important. Obviously, you know, get into  valuation in unit economics, on cashflow, on   other things that are important because  valuation and the funds required, have to make sense, the numbers have to add  all the money that you require, it cannot be 8 to 10% of the equity, or valuation that you  10 times the valuation, all these things are very,   very important. So we do a lot of work. We listen  to them, we ask them all sorts of questions.   We even go to the extent of asking them what if  you're not able to raise the money that you're   trying to raise? What if it's a partial raise?  What are the answers going to be, are they ready to   deal with that situation? So all these things  are very, very critical and COVID in last two   years has made us, you know, we have to be COVID  proof, we have to be travel proof, we have to be   you know looking at markets to scale or to  grow without people with feet on ground.   All those things are very, very important. And then critical and add up to this. But   though it depends on product and service and the  sector that they are in, of course, patents, IPS,   you know, all that does add value. Colleges, education and work experience does add  

value. But it all has to add up. I mean, if there's one red mark, you're gone. I mean,   we won't invest that. If there's some red flag that  I see, it will not work, it will not work, because   irrespective of the nine good thing that you might  be doing, or might have, if there's one thing that   I feel will not work, which we as investors  would stay away from. It's a very, very   slow process. Very, very tough process. And we're  not gods, we could be wrong. So we've gone wrong, I have not invested in companies  that have done well. And I've invested in   companies that haven't done well. So basically,  it's perceptive, it's something that  

everyone thinks differently. So be persistent,  continue to grow your product and service,   and also reach out to as many right angels, as  you see fit. Well said. So my last question to   you now. And again, this is for the 1000s of  people who will listen to our conversation. As someone who's been there, done  that not just as an angel investor,   but also led the organization which is  supporting and mentoring so many investors,   what would your advice be to a young entrepreneur  starting off on her or his journey? I think my advice is to everyone, forget  if you're entrepreneur or not, keep learning.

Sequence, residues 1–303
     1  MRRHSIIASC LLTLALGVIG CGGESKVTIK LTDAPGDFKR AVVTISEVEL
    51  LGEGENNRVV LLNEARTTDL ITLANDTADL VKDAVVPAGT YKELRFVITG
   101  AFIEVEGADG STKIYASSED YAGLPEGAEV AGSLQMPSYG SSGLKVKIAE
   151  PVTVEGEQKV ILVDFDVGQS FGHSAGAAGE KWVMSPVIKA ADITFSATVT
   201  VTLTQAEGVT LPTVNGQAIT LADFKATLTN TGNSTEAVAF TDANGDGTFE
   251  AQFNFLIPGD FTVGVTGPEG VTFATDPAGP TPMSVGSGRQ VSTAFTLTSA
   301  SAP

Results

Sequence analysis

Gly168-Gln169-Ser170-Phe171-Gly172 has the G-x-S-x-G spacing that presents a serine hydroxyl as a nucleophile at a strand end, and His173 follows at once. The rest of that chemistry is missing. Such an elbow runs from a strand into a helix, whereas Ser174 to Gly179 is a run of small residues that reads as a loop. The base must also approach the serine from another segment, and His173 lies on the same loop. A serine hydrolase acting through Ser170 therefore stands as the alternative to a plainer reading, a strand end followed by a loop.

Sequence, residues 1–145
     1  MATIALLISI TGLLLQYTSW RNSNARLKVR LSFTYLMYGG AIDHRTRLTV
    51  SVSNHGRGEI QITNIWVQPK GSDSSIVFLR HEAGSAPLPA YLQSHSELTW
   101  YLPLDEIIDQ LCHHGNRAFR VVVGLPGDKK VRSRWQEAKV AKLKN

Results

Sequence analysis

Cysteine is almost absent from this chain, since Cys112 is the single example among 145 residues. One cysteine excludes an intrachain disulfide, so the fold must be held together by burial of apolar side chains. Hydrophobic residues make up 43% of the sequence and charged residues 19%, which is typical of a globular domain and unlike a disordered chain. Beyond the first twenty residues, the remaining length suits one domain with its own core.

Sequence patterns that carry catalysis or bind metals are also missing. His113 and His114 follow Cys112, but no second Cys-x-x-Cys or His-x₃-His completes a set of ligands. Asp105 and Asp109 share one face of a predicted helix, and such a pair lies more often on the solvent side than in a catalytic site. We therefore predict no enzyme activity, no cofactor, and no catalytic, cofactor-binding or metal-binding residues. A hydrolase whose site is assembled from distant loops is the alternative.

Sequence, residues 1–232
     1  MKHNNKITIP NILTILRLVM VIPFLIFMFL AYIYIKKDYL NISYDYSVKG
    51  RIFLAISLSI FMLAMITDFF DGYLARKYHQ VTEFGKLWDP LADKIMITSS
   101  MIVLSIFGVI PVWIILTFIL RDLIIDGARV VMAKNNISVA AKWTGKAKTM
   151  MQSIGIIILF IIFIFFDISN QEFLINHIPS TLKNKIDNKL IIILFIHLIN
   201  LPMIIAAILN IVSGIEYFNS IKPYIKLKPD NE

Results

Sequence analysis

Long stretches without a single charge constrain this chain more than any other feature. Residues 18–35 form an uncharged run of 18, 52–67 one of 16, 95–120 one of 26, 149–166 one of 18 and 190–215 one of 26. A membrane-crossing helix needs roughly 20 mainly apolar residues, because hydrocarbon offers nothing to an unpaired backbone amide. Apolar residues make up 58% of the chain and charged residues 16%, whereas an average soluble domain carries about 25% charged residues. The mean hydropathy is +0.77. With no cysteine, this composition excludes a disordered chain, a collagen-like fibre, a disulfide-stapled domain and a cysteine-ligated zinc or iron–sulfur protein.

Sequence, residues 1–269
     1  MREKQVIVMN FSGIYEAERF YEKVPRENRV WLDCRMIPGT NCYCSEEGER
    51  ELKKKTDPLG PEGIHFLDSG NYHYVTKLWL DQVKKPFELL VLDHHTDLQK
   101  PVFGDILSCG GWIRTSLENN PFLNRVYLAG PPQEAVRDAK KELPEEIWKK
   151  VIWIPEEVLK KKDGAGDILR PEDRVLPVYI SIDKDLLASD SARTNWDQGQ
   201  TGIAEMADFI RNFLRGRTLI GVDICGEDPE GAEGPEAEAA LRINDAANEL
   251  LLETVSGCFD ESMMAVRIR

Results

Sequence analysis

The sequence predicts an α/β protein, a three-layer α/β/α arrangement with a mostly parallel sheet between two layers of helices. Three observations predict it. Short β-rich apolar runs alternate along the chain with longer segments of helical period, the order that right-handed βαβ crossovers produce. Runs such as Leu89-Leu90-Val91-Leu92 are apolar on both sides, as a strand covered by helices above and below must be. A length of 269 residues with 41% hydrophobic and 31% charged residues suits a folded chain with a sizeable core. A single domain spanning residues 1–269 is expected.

You know, at our age, Ashutosh I still  learn every day, I still read a lot, I still   try to question various things and get try and  get answers for them. So I think keep learning,   entrepreneurship, success, failure,  startup, one startup, two startup, 10    investor, investment, businesses, they're  all journey. They're all there. They're all   means to achieve better life, better goals, better  environment, better society, but they're not the   end. The end game is where so long as you continue  to evolve as a person, you continue to give back   to the society, to your employees, your family, to  your to everyone around you, life will move on and   you will continue to grow. And I think it should  be again, you know, a journey full of happiness,  

live every day of your life. Don't  wait to succeed, don't wait to have   an exit. Don't wait to have a series D or E. If you're not enjoying what you're doing,   it will become a drag. And you will wear out much  faster than you are, life is unpredictable. So   enjoy every single day, enjoy everything that you  do, and continue to give back. Because what goes   around comes back. Well said. What a fantastic  conversation. And on that note of keep learning.   Mahavir, thank you so much for speaking to me,  thank you for speaking to me at such length about   TiE and about the amazing things you did as the  global chair. It's such an amazing organization  

that I am also fortunate to belong to. And  it's leaders like you who make a difference   in the life of all TiE members. Thank you  for all the direction that you've given.   And thank you for talking to me in so much  detail about an entrepreneur and entrepreneurs   journey about the challenges and entrepreneur  faces and about your words of wisdom right   at the end of keeping to learn. Thank you again and good luck.   Thank you. It's a pleasure and an honor to  be on your channel. Thank you. Thank you. Thank you for listening to The Brand Called You,  videocast and podcast. A platform that brings you  

knowledge, experience and wisdom of hundreds of  successful individuals from around the world.   Do visit our website, to   watch and listen to the stories of many more individuals. You can also follow us on YouTube,  Facebook, Instagram and Twitter. Just   search for The Brand Called You

2022-04-16 05:23